CHRISTIAN SCIENCE MONITOR by Pete Spotts, Staff writer
Mountains are shaped differently than scientists thought they were, and that could be good news for mountain-dwelling species adapting to climate change
Global warming is expected to leave many plants and animals living on the world’s mountains with nowhere to go but up – increasing their risk of extinction as they chase climatological comfort zones through landscapes that relentlessly shrink as they approach a summit.
At least that’s the concept that has held sway for the past 30 years. But this simple picture is wrong for many of the world’s major mountain ranges, a new study finds.
Instead, in many cases these migrants may wind up reaching altitudes where the landscape is relatively flat and extensive, giving them more room to spread out than they had at their original locations and perhaps enhancing their chances of surviving. More…
In the basement of the Dirksen Senate Office Building, 63-year-old Charles Gladden works alongside some of the nation’s most powerful people. For eight years, he has greeted senators, staffers and lobbyists in the hallways and the cafeteria, at exclusive banquets and special functions. He reflects fondly on some of the warmer colleagues who he says got the boot too soon.
But unbeknown to any of these bigwigs, or even to his employer, Gladden is homeless. He works in the Senate cafeteria, and he has not had a fixed address for the past five years. More…
NEW INTERNATIONALIST EASIER ENGLISH WIKI newint.org
Marilyn Baptiste of British Columbia, Canada has won the Goldman Environmental Prize. She stopped the Taseko Mines gold mining project.
We are very happy that Marilyn Baptiste, leader of the Xeni Gwet’in has won the Goldman Environmental Prize. This is the biggest prize in the world for environmental activism. She stopped Taseko Mines’ Prosperity gold and copper mine.
Marilyn led the successful campaign to protect her community from the Prosperity mine. The mining project would be the worst kind of mining. It would destroy the beautiful First Nations’ lands and Fish Lake (Teztan Biny), full of fish.
If this plan had succeeded, many other similar mines would have been planned. The Canadian government has a history of giving more importance to mining than indigenous rights and environmental protection.
Industry, governments and local municipalities all supported the Prosperity plan. So it was a surprise to many people that it was not allowed. This shows the power of community protest.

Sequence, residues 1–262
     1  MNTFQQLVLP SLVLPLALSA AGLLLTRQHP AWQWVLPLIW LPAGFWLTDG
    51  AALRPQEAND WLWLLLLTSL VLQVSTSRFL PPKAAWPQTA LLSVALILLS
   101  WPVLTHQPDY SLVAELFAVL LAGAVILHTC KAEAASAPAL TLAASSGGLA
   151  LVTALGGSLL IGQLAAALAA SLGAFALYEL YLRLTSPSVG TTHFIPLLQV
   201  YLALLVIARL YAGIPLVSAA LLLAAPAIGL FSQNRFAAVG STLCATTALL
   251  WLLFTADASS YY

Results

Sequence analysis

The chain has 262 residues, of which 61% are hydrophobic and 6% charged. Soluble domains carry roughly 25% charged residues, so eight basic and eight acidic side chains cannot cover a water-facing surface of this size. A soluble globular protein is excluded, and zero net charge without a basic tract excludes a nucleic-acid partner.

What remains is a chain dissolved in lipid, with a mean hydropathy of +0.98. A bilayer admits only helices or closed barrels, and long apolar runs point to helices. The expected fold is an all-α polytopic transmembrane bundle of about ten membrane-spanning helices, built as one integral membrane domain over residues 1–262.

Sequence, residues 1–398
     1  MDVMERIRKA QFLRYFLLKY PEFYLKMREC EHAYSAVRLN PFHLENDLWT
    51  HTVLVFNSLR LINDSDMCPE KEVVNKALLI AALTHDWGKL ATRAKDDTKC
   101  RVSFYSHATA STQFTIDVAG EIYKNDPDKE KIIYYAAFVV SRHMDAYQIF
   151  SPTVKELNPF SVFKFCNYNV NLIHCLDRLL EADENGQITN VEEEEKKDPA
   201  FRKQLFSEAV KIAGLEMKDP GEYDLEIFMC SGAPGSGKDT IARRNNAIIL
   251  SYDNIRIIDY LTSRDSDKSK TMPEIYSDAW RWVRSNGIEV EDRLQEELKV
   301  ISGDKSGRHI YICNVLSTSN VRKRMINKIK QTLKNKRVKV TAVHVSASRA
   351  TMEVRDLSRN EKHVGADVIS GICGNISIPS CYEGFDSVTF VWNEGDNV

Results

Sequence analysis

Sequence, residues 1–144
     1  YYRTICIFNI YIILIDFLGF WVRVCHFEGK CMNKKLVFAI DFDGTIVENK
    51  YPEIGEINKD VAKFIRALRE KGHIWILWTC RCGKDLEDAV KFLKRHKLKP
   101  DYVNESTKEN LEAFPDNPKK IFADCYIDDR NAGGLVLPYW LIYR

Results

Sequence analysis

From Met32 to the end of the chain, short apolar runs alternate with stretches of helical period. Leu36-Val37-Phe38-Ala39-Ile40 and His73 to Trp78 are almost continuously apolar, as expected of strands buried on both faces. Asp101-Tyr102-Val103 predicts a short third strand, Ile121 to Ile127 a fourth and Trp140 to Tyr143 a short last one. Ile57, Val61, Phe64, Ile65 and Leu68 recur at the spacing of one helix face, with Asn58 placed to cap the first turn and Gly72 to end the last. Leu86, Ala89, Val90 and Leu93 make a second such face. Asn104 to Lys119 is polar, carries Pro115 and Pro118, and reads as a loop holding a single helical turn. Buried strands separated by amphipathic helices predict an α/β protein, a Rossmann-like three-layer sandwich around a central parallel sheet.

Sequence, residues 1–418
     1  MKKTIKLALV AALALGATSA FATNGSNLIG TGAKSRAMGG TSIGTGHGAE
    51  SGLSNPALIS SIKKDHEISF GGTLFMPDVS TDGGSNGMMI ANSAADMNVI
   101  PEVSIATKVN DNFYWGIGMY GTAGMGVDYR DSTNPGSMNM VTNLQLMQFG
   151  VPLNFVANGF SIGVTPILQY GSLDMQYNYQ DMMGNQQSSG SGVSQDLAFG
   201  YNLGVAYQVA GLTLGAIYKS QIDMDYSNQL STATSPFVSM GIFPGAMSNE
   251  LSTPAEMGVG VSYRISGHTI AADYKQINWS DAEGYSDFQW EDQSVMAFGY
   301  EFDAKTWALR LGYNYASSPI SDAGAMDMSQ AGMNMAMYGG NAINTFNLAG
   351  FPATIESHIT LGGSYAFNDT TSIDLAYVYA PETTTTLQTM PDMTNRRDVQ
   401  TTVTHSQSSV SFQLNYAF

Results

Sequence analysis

Marilyn Baptiste led the fight. She had just been chosen as Chief of the Xeni Gwet’in. She led the environmental, cultural and economic studies to take to the Canadian Environmental Assessment Agency’s review group. More…
The US Bishops’ International Justice and Peace Committee has urged Secretary of State, John Kerry, to step up efforts to advance nuclear disarmament and ensure the success of a multilateral conference being held in New York. The comments were made in a May 12 letter issued as the Ninth Review Conference of the Treaty on the Non-Proliferation of Nuclear Weapons (NPT) meeting continues at the United Nations.
“For most Americans, there is an assumption that the nuclear threat receded with the end of the Cold War. Unfortunately, nothing could be further from the truth,” said Bishop Oscar Cantú of Las Cruces, New Mexico, chairman of the Committee. “In a multi-polar world where there are risks of nuclear proliferation and even nuclear terrorism, it is imperative that the world move systematically and relentlessly toward nuclear disarmament and the securing of nuclear materials. Preserving the NPT is a cornerstone of this effort.”
The International Justice and Peace Committee also urged bold and concrete commitments to “accelerate verifiable nuclear disarmament, including taking weapons off ‘launch on warning’ status to prevent a catastrophic accident, deeper cuts in nuclear arsenals, ratification of the Comprehensive Test Ban Treaty, and serious negotiations on a fissile material cut-off treaty and other prudent measures.” Read full text of the letter…
The letter, signed by Squire Patton Boggs partner David Dunn and addressed to Foreign Cabinet Secretary Amina Mohamed, notes that Kenya is facing “a cut-off of all non-humanitarian and other forms of assistance from the US government.”
The threat arises from the State Department’s designation of Kenya as a “Tier 2” country in annual reports assessing governments’ efforts to prevent human trafficking.
Countries assigned to that group are deemed to be failing to comply fully with minimal standards for eliminating trafficking and include North Korea, Iran, Russia, Syria, Zimbabwe and Eritrea.